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mrisch
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You might be interested in my article....
mrisch   9/13/2013 5:25:46 PM
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I am publishing a long article about this in the Duke Law Journal. It's called Patent Portfolios as Securities

http://papers.ssrn.com/abstract=2227103

Charles.Desassure
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Very, very true...
Charles.Desassure   9/7/2013 12:25:44 AM
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The content of this article is very, very, very true.

   

 

 


Frank Eory
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CEO
Re: Strong design patents vs weak design patents
Frank Eory   9/6/2013 2:00:28 PM
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Thanks for posting this. The people who were up in arms about Apple patenting rounded rectangles didn't seem to understand what a design patent is. I like the way you put it -- the rounded rectangles were indeed a significant aesthetic element that said "this phone is an iPhone."

marknowotarski
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Re: More takes on patents as products
marknowotarski   9/5/2013 5:16:57 PM
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@Rick,


Great link to the LES article.  Thanks.

marknowotarski
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Strong design patents vs weak design patents
marknowotarski   9/5/2013 4:48:15 PM
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Anne,

I agree with everything you say up to the part "...making design arounds easier".  One of the amazing things I learned from studying Apple's design patent strategy is that design patents can be quite hard to design around if you focus on the essential aesthetic elements.  Those become solid lines in the design patent.  Everything else is shown as a broken line.  You only need to match the solid lines to have infringement.

Many people were very upset when it appeared that Apple patented the "rounded edge rectangle", but that turned out to be the essential design element that said "this phone is an iPhone".  When Samsung mimicked that design element too closely to say "yeah, we are just like an iPhone too", they got burned even though parts of their phone design (the back) were different.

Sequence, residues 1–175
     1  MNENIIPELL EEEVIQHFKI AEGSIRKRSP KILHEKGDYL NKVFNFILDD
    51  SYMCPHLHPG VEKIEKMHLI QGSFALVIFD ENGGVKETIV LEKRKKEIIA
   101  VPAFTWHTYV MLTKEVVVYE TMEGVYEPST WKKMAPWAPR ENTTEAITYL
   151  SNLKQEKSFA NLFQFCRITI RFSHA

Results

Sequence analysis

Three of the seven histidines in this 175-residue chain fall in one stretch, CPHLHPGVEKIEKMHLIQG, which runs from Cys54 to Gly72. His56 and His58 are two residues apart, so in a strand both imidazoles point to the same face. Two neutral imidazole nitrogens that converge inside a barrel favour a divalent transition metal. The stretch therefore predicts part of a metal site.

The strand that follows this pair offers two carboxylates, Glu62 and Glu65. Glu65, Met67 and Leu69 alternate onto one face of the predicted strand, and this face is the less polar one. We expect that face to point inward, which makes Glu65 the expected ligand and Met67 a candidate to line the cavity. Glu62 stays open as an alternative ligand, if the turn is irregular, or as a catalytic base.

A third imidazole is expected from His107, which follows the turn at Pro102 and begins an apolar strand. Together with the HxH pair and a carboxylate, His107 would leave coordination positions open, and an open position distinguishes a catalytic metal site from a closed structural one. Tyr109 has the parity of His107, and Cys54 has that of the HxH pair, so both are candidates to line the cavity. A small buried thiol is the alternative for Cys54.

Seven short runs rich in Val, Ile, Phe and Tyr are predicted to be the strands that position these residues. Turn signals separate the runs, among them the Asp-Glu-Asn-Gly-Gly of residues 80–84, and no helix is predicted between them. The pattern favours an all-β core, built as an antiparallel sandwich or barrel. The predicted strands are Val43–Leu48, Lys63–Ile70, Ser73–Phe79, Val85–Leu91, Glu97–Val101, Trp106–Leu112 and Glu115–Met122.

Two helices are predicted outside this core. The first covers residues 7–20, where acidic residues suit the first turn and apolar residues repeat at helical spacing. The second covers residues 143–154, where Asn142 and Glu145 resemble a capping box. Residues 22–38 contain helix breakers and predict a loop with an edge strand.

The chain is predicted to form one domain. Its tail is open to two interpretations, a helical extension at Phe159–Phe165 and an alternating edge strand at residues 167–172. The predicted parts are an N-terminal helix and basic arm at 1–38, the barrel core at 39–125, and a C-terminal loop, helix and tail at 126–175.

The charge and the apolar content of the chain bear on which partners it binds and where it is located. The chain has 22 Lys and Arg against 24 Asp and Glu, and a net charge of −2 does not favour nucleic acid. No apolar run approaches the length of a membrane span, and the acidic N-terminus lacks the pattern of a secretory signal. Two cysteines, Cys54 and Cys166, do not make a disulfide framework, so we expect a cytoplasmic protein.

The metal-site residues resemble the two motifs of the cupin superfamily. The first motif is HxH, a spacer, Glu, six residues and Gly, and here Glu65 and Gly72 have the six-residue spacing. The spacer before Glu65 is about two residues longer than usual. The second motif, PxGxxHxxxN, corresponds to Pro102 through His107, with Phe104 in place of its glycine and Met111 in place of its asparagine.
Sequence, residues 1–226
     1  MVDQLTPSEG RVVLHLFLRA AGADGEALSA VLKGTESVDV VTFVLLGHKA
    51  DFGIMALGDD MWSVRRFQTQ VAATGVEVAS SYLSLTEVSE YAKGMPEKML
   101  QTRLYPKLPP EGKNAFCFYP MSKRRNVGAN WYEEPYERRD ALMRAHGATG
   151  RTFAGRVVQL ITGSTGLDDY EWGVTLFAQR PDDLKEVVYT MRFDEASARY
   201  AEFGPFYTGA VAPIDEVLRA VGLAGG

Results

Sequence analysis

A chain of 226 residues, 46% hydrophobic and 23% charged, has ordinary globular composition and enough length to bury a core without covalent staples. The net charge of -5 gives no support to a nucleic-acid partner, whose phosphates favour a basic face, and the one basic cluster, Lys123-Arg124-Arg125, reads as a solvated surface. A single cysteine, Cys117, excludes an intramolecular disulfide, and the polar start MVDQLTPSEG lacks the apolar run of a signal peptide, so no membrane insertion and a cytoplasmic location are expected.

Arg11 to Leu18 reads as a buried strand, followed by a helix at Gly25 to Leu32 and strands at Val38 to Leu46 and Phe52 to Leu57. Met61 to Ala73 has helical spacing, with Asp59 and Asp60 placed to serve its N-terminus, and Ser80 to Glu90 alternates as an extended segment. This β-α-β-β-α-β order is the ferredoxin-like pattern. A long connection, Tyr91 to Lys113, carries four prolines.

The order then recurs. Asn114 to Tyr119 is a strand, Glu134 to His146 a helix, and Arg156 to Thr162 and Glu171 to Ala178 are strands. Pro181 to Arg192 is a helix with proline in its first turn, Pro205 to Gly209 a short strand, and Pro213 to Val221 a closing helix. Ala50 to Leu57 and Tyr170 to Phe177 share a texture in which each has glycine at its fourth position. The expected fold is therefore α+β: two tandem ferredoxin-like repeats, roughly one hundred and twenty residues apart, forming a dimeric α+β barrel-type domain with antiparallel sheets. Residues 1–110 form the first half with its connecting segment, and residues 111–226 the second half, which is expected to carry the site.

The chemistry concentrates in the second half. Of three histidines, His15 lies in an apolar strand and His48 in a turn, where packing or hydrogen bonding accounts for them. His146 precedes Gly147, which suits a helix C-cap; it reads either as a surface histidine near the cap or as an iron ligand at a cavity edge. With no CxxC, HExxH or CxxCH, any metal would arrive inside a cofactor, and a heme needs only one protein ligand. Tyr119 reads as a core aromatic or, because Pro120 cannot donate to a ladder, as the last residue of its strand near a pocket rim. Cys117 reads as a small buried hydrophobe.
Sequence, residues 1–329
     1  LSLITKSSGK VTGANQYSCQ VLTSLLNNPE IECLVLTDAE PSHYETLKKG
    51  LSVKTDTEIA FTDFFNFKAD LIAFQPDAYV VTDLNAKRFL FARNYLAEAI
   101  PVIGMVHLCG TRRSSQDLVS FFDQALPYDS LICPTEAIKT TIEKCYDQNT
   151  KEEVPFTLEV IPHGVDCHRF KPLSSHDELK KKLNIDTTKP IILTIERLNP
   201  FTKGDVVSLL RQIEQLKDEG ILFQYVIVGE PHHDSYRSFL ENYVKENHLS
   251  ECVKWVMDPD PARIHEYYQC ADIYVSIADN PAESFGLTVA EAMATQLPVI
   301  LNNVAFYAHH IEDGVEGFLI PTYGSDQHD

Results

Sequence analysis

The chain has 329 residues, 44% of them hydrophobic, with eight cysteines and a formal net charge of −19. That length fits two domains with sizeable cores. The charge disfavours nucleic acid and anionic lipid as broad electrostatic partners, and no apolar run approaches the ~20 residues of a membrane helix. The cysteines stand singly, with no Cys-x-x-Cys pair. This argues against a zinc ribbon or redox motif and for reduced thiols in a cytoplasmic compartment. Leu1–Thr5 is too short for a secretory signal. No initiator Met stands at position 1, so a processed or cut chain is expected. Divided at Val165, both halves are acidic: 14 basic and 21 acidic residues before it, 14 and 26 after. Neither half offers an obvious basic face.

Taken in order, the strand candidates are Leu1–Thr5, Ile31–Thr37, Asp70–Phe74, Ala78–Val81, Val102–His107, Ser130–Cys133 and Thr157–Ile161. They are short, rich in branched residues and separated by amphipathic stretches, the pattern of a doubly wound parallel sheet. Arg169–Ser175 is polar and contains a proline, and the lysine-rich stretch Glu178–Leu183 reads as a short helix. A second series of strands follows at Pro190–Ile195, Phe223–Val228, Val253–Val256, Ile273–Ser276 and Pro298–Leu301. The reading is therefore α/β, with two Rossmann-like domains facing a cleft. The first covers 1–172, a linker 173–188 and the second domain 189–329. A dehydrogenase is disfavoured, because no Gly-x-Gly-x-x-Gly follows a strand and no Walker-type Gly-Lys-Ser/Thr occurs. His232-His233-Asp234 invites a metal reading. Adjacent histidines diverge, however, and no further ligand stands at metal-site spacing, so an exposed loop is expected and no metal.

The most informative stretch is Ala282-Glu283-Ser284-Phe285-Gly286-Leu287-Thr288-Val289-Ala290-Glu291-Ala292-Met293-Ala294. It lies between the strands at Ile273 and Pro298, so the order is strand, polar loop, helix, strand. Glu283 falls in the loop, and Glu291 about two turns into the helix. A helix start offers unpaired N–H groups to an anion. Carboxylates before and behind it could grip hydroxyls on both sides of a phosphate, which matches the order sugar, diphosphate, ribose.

Using broken lines to focus on essential design elements

 

Source: Nowotarski, "Strong Design Patents: The Power of the Broken Line" IPwatchdog.com July 30, 2013

 

ACappella
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Blogger
Re: Market for Design Patents?
ACappella   9/5/2013 3:21:31 PM
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You are quite right that the interest level has risen for design patents lately.  Design patents are appealing because they don't require sophisticated reverse engineering as they are visual, but have a shorter life span than utility patents and are limited to the non-functional aspects of products (i.e. the design itself)--making design-arounds easier.   

Sheetal.Pandey
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Manager
Re: Market for Design Patents?
Sheetal.Pandey   9/5/2013 2:24:36 PM
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Quite agree.patents are now a commodity. Many acquisitions these days focus on what patent benefits they get.

rick merritt
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Author
More takes on patents as products
rick merritt   9/5/2013 1:29:08 PM
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A recent panel hosted by LES provided some good insights on this:
2013-08-01Lawsuits Drive Patent Market


marknowotarski
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Rookie
Market for Design Patents?
marknowotarski   9/5/2013 9:43:09 AM
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Anne,

Great article.  Any indication of a growing market for design patents?  With Apple's $725 million jury verdict against Samsung for infringing their GUI design patent, it looks like they are growing in importance.

GUI design patent infringement

Source: Nowotarski, "Strong Design Patents II: The Power of Color", IPWatchdog.com, August 6, 2013



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